See ‘cast your bread’ episode 2
Meanwhile, still back at the theatre, painting scenery continued. By now I was familiar with the whole set-up . In a long narrow-ish studio, the huge back- cloths were attached to stout wooden stretchers. A gap between the floor and the wall, (together with the aid of an electric motor), meant they could be raised and lowered as and when. Painting the flats and other props was very straightforward.
If one imagines about 200 ice-cream cartons filled with every tint, tone and high colour imaginable, the whole approximating the range of a High street DIY paint retailer, then they were occupying a central table. They were maintained, in exemplary fashion by Steve, the splodger… hardly a flash job description. All water-based, of course. …the colours, not Steve.
Work proceeded well on the Viennese hell. Endless drop shadows, highlights, reflected lights, marbling, wood graining, cast shadows, all the usual old tricks of trompe l’oeil orthodoxy cascaded down. Rather similar to sucking boiled sweets.
BUT WAIT. I was admiring the job I had done on some alcove encased temptress and then became aware of a fellow admirer. A delicious exchange followed.
‘Look’, said our leader, ‘um…hmmmm…this is rather good….ummm ..’
He glanced at his watch…’could you do a few more?’ I glanced at his efforts. Rather me do them than him, I thought.
‘No problem , I said, you go and have a rinse or 3 with your mates and leave the alcoves and little darlings to me.’
Not a lot was said, but it was hugely significant.
Theatre mythology is also huge; Quasimodo, phantoms, ghosts, creaking woodwork, strange meanings, wobbly stairs, all of that.
I usually arrived first in the morning to get the studio opened up.
Up the creaking stairs. I grabbed the handle of the ancient door. Resistance. Push then came to shove.
The door opened a bit to reveal a pair of shoes stuck underneath.
Why the hell would somebody?….. A closer look. There were legs in those shoes.
According to the coroner, the death must have been agonising. Huddled in the foetal position, Steve had tried several exit stratagems, but lethal photographic chemicals had been most effective, at God knows what agony.
To complete the theatrical… because of rigor mortis and the narrowness of the stairwell, his body had to be put in a sling and lowered down on a rope.
One reflected upon previous conversations with Steve, but there was no indication of what he was thinking. More entry into the world.
The campground was bedecked with recognition flags, a sort of pre-dawn Agincourt.
Mumbles took careful note of the nearest markers as this trip was now attended by some urgency. After an eternity he spotted 2×200 metre queues in the distance.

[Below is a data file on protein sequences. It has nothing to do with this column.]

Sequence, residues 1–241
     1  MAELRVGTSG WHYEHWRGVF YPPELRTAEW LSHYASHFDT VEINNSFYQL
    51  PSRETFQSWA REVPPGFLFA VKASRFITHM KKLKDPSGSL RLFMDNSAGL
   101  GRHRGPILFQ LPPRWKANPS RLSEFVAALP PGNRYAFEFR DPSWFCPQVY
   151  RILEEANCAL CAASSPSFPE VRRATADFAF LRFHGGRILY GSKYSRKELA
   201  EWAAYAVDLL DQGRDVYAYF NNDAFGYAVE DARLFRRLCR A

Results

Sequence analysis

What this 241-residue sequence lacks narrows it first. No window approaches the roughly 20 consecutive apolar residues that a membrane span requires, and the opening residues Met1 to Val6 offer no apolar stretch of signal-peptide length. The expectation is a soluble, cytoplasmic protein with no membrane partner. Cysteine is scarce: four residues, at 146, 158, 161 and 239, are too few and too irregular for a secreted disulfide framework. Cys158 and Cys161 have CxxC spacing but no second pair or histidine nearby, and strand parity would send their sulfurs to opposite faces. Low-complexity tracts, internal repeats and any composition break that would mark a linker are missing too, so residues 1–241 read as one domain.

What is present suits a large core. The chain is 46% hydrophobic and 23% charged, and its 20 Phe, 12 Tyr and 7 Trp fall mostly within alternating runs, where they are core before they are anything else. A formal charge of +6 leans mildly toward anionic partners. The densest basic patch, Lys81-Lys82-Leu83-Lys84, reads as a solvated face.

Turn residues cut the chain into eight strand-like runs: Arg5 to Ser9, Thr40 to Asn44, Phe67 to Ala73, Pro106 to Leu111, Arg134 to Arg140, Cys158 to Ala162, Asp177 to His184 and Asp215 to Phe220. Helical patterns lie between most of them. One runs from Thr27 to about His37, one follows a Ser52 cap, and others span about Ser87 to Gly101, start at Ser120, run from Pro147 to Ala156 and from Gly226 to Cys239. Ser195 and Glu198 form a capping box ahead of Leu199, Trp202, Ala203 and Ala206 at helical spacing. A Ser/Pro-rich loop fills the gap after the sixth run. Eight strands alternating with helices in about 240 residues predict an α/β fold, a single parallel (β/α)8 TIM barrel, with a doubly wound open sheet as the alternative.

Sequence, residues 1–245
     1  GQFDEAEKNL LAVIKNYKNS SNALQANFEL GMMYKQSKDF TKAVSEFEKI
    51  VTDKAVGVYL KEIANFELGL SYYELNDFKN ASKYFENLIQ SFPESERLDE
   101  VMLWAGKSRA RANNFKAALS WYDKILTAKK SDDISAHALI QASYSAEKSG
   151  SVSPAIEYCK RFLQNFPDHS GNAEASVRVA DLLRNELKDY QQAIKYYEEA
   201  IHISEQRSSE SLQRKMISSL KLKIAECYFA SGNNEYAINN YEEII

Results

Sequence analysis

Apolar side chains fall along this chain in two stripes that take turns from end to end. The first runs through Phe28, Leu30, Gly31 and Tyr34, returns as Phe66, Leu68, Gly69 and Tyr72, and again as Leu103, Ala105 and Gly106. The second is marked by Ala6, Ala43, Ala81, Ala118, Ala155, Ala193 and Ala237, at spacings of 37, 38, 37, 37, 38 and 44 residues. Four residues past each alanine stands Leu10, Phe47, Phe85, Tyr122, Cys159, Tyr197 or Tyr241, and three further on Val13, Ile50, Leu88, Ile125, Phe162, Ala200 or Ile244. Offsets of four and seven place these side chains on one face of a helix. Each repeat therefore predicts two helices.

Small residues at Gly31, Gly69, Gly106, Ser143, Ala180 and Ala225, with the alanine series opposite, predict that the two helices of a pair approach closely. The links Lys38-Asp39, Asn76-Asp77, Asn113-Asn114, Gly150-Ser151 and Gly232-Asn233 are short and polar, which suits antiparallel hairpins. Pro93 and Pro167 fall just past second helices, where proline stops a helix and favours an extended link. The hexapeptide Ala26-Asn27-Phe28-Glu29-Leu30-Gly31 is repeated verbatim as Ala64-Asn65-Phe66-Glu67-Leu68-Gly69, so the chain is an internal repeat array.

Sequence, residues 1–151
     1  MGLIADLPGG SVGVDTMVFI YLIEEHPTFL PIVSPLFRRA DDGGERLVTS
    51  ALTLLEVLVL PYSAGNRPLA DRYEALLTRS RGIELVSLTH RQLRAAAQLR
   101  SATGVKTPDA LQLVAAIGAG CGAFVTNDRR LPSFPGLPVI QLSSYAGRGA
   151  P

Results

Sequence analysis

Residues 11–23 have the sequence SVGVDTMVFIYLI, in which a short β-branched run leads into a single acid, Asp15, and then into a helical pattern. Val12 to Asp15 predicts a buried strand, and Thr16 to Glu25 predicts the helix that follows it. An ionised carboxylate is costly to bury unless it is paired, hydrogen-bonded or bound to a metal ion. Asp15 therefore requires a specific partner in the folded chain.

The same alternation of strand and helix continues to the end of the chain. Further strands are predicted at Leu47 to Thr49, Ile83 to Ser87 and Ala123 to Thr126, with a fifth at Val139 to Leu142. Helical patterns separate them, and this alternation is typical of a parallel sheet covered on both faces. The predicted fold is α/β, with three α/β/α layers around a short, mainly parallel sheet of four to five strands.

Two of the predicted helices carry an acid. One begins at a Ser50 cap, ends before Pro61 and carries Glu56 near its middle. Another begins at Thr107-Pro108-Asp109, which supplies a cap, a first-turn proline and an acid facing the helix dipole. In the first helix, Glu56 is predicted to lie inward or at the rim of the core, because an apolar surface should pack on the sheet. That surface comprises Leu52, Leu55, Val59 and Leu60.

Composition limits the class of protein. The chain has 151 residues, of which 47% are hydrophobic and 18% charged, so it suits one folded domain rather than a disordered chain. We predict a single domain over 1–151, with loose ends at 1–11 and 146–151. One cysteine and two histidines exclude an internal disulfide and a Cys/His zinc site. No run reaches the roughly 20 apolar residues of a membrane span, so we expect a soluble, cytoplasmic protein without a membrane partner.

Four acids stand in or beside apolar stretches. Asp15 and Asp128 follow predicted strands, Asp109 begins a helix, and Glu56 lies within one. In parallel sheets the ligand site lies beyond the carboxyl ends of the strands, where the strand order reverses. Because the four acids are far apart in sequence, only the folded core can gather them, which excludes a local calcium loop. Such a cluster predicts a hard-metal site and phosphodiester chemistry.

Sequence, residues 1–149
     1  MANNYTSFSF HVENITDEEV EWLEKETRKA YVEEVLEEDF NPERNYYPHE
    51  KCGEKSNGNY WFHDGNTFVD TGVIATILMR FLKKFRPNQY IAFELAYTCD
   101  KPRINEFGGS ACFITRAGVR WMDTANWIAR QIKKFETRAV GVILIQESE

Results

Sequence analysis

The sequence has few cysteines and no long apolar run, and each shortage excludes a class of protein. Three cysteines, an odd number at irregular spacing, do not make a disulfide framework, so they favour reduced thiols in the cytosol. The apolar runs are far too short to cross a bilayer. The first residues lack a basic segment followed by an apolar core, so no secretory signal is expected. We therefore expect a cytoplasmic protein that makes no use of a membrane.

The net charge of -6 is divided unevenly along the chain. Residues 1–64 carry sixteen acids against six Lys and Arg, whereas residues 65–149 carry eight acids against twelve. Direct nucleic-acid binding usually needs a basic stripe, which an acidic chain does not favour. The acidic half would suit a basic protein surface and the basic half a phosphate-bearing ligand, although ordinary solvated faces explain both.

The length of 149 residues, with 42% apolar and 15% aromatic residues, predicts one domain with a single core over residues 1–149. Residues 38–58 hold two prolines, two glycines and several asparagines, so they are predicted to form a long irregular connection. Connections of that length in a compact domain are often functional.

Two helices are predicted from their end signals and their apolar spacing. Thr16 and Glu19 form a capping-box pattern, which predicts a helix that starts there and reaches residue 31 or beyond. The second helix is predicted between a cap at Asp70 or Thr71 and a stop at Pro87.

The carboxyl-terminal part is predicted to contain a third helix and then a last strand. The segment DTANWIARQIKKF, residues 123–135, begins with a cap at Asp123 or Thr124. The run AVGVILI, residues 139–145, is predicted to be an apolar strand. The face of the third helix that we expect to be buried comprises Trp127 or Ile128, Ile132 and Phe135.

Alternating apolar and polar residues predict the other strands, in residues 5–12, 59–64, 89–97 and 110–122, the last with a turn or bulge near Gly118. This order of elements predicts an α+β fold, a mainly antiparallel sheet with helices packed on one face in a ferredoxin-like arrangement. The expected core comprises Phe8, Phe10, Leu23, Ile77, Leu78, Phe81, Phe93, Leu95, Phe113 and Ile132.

‘Early birds for the racetrack’, he thought. Quick re-think. Why are they all carrying wash bags and towels? He pressed the distraction therapy button as he joined the queue.
The woman in front made Rubens’ females look anorexic. Boy, was she a bonny baby.
He gazed down at her equally huge washing-up bowl. Hmmm… muesli, porridge, full English, toast, muffins, marmalade, tea, coffee, milkshakes and loads more. Lucky them. They chatted.
During the course of this, Mumbles remembered that his dwelling was described as a two person tent. He fancy – flew again. What would happen if he and mega- cuddles got a bit pally and decided to have a coming together? His little tent would become a geodesic dome or a kind of vast jelly mould which bounced around quite a lot. Such was his amusement at this image he laughed out loud. ‘Sorry, hay fever’, he explained to his concerned new best friend.
What also hastened the departure of his amusement was the awareness of a look- alike Sumo wrestler beside him. Said wrestler’s tattoo display would rival that of any Maori chief.
His bling bracelets and bangles was topped off with a little diamond skull which held his pony tail in place. ‘Meet Crusher’, said cuddles, ‘a gentle giant’.
The amenities block turned out to be a model of efficiency. Staffed entirely by non- Brexit people , it was in a constant cleansing mode. Marshals directed traffic and wash- bag wounding non existent. Refreshed and relieved, Mumbles began the long journey home.
And then he heard it, them,….a load of 600 Hp engines splitting the morning air…
Mumbles head filled with keen anticipation… up to his point, a truly endangered species.
Episode 6. Breakfast at Paul’s,..racing!!!!